From the Palestinian territories to Iraq to Lebanon, the conservatives of the current American administration have privileged dignity as defined in terms of political rights over social and economic rights, and have inadvertently provided opportunities for fundamentalist groups, which have gained grassroots support thanks largely to their social welfare organizations. Just as Mussolini borrowed that part of socialist doctrine that called for addressing the burdens of ordinary people and the poor, groups like Hamas, Hezbollah, and al-Sadr’s Mahdi Army have used the provision of welfare as a foundation for recruitment. To be successful, a long-term strategy for uprooting terror, despair, and poverty cannot afford to pick and choose among categories of human rights.

Building on the spirit and policies of the post–World War II period, an effective global New Deal strategy will need to address the nexus between the global economy, civil society, and radical religious or nationalist ideologies. That will mean transcending the first debate over globalization and human rights, in the sense that the choice will not be between neo-liberal globalization and respect for local power structures and cultures, but over what forms of globalization, preferably synchronized with security, sustainable economic development, and political rights, can best advance the spectrum of universal human rights. It will also mean overcoming the second debate’s preoccupation with the guilt or innocence of the lone superpower, and will concentrate on assessing which combination of institutional means can most effectively advance a comprehensive human rights agenda.

That does not mean that the human rights community can set aside its unfinished task of taking on the dark sides of globalization and American power. It does propose a shift toward the more forward-looking project of reviving the vision set forth in the Universal Declaration of Human Rights. In doing so, the human rights community achieves enduring victories over the array of adversaries of human rights: from predatory economic actors to abusers of great power to murderous regimes to despotic fundamentalist movements of all ideological stripes.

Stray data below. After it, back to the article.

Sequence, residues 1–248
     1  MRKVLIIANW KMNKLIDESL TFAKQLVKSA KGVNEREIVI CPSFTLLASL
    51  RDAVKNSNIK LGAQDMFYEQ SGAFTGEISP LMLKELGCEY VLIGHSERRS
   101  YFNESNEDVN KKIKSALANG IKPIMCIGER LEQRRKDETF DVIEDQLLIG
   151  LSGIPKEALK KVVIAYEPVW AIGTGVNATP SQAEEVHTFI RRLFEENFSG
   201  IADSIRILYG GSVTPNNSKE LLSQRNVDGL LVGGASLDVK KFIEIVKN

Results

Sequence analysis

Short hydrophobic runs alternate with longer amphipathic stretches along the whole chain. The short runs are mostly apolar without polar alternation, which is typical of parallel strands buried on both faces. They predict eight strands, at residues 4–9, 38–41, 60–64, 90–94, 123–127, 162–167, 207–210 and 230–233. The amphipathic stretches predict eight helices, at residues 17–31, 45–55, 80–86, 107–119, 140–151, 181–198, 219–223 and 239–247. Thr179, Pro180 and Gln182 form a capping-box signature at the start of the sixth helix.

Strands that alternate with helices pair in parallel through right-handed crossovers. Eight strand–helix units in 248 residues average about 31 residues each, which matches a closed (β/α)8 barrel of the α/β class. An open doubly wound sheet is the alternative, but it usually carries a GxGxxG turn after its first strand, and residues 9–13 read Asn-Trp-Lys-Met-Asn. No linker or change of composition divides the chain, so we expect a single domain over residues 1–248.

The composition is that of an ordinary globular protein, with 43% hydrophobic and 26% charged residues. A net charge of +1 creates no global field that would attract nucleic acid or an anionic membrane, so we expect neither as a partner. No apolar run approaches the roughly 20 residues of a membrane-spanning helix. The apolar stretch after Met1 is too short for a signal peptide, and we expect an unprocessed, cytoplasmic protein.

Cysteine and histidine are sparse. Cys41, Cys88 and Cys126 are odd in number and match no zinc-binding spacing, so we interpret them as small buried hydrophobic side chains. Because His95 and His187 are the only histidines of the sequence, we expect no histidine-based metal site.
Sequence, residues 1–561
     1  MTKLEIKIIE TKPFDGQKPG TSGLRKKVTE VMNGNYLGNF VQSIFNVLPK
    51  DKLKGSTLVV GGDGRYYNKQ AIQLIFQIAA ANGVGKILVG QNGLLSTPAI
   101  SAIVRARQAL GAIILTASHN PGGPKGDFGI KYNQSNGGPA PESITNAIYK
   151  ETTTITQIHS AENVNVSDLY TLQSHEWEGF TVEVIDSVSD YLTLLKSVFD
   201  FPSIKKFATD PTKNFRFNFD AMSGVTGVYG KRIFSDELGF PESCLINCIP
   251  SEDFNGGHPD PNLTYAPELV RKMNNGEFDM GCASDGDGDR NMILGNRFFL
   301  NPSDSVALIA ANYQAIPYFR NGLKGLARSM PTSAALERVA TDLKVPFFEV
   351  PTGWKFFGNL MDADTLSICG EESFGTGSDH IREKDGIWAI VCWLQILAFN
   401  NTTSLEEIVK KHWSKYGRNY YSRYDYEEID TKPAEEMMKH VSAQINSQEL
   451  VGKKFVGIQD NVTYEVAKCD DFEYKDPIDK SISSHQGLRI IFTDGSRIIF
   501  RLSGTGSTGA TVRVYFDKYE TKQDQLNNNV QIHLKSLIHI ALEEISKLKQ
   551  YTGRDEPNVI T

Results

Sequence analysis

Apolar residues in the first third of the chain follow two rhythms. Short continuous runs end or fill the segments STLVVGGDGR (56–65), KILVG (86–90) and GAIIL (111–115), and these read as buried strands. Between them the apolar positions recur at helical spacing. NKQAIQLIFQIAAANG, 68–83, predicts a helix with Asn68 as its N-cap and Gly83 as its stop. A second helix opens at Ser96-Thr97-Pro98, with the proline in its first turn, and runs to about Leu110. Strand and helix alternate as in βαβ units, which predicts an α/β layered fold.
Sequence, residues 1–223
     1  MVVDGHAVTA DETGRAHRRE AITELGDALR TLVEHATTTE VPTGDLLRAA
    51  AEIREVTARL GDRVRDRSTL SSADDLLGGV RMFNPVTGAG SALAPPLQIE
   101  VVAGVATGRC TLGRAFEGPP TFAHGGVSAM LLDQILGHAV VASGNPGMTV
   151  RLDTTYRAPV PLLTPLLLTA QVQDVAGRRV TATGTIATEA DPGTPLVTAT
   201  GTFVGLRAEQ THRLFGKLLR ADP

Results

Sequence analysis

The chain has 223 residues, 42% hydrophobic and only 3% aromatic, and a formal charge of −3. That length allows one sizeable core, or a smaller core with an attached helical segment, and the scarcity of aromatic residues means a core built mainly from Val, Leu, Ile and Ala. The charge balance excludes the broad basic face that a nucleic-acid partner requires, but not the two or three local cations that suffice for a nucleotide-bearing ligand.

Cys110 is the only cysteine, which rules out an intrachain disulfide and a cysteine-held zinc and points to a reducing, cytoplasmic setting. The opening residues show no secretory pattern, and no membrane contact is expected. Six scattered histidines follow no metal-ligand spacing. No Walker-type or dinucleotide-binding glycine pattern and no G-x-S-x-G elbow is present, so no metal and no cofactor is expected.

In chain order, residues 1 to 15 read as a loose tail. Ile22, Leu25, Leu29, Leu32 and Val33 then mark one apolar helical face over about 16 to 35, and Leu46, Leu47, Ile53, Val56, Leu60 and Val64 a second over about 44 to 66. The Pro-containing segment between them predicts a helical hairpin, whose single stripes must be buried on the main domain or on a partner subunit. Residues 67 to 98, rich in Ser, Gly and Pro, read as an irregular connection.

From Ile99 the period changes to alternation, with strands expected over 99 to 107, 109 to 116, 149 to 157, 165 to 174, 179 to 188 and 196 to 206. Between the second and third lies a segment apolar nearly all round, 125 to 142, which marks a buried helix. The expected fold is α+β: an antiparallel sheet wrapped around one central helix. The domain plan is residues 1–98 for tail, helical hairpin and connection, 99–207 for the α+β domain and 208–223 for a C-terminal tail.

August 2007


1. See Amartya Sen, Development as Freedom (New York: Anchor Books, 1999).

2. Micheline Ishay, Debating Globalization and Intervention: Spartacists versus Caesarists, in The Human Rights Reader: Major Political Essays, Speeches, and Documents from Ancient Times to the Present, 2d ed. (New York: Routledge, 2007), 465–474.

3. Niall Ferguson, Colossus: The Price of America’s Empire (New York: Penguin Press, 2004).

4. Chalmers Johnson, The Sorrows of Empire: Militarism, Secrecy, and the End of the Republic (New York: Metropolitan Books, 2004).

5. Priscilla B. Hayner, Unspeakable Truth: Confronting State Terror and Atrocity (New York: Routledge, 2001), 242–243.

6. Minxin Pei, Lessons from the Past: The American Record of Nation-Building (Policy Brief, No. 24, Carnegie Endowment for International Peace, Washington, D.C., April 2003).

7. Eric Hobsbawm, America’s Imperial Delusion, The Guardian, June 15, 2003.

8. George Soros, Capitalism’s Last Chance, Foreign Policy no. 113 (Winter 1998–1999): 55–66.

9. George Soros, Open Society (New York: Public Affairs, 2000), 144.


THIS BOOK OWES A GREAT DEAL to the criticisms and suggestions of the many individuals who read earlier drafts. I want first to thank David Goldfischer, not just for his careful reading, insightful comments, and meticulous editing, but also for being a most magnificent intellectual and emotional partner. To him, and to our two wonderful children, Adam and Elise, and their generation, I dedicate this book.

I am also especially indebted to Stephen Bronner, Ginni Ishimatsu, and John Vail for their constructive criticisms and suggestions on the manuscript and for their steadfast friendship; to Sasha Breger, Lisa Burke, Eric Fattor, Bobby Pace, Joel Pruce, Chris Saeger, and Amentahru Wahlrab for their invaluable and diligent assistance with my research; to Suzanne Knott and Jan Spauschus for their judicious and thorough copyediting; and to my very able editor Reed Malcolm for his suggestions, enthusiasm, and support throughout this project.

In addition, I would like to thank many friends, colleagues, and students for their help, suggestions, and comments on parts of this book: Marc Agi, Shlomo Avineri, Benjamin Barber, Manisha Desai, Jack Donnelly, John Ehrenberg, Tom Farer, Michael Forman, Alan Gilbert, Russell Hardin, Angelique Haugeraud, Paul Kan, Max Likin, David Ost, Steve Roach, Greg Robbins, Rhoda Singer, Manfred Steger, Seth Ward, and Elizabeth Wolf. I would like also to thank Buchanan Sharp and my anonymous reviewers for their recommendations and my students, who, throughout the years, helped in the classroom in more ways than they can imagine.

I owe special thanks to my mother, Sheila Bazini, for her unwavering emotional support. Finally, I want to thank my father, Edmond Ishay, for inspiring my passion for human rights, showing me how to fight for justice, and believing in all my intellectual endeavors.